Vladimir Putin bragged about Russia’s supposedly new nuclear capabilities yesterday, but does he really ever envision using them? NBC News’ Megyn Kelly posed that question to the Russian strongman in an exclusive video after his presentation to the Duma, pressing Putin on his nuclear doctrine. Putin tells Kelly that Russia will respond with nuclear weapons under two conditions — if anyone attacks Russia with nuclear weapons, aaaaaand … if anyone attacks Russia with anything else, too.

Yes, the election date in Russia is coming soon, but apparently not soon enough:

Kelly also asked about the readiness of these new systems as well. Putin seemed a little less clear on that point, although he did insist that one of the systems he discussed is “with the troops” now:

KELLY: For the record, right now, do you have a workable ICBM that is powered by nukes that you’ve tested successfully?

PUTIN: All of those tests were successful. It’s just each of these weapons systems is at a different stage of readiness. One of them is already on combat duty. It’s with troops. For some of the systems, we are still working on them. We have no doubt that we will get there.

KELLY: But again, you say that you are going to use these weapons, these nuclear-powered weapons, if Russia or its allies come under attack. Any attack or a nuclear one?

PUTIN: We have two reasons that would force us to respond using our nuclear weapons. The first is a nuclear attack against us. Or an attack against the Russian Federation using conventional weapons. But in this case, if it’s a threat to the very existence of the Russian state.

The seriousness of the developments in the Russian nuclear program are under some question, and Putin’s vague “we’re still working on them” isn’t going to impress anyone further. Kelly’s question on animation aside — we already know Russians can launch ICBMs — the skepticism doesn’t come from whether they have the systems but whether these systems do anything new at all. We’ve had nuclear cruise missiles for decades, with launch platforms on surface ships and subs, and Russians have had the same capabilities for a while.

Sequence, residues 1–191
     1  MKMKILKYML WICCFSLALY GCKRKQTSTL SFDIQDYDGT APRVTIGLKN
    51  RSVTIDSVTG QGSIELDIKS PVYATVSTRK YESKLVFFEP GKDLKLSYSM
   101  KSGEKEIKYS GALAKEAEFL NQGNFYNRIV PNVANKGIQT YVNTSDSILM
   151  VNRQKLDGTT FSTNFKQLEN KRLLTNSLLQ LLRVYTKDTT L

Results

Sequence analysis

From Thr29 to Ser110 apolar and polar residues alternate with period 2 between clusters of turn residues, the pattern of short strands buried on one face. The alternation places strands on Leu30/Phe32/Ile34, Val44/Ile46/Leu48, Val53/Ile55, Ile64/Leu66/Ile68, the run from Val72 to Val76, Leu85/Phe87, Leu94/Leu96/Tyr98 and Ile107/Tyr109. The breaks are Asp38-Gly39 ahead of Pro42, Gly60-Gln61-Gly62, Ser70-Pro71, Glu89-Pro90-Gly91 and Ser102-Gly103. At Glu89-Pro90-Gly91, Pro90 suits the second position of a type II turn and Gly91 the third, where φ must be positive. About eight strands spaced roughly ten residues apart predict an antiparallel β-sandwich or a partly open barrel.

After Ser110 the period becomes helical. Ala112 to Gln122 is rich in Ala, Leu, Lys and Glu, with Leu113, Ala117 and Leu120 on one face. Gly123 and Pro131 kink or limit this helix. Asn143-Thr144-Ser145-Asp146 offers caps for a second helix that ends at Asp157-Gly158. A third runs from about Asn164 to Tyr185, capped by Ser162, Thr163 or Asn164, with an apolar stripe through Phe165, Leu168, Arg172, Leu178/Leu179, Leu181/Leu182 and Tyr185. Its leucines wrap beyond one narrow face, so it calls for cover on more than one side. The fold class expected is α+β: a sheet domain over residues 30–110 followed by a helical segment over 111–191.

Also, our ABM doctrine isn’t really aimed at Russia due to the overwhelming number of ICBMs they have. Mutually assured destruction has worked well enough with Russia and China to discount their threat; rogue and irrational states like Iran and North Korea worry us more. Our systems are capable of intercepting a few ballistic missiles, not an overwhelming number of them. When Putin claims that the US restarted an arms race by building defenses against smaller states, he’s being disingenuous — but certainly in a beneficial way for his political career back home.

We can probably expect a lot more of this saber-rattling over the next sixteen days, when Russia rubber-stamps another term for Tsar Vladimir in their national elections on March 18th. Putin needs to sell Russians on the strength and invincibility of their country under his leadership, even if he’s making sure that no one else gets a chance to seriously challenge him in the election. After the election, no doubt Putin will want to show more — what’s the word? — flexibility. Until his next election, that is.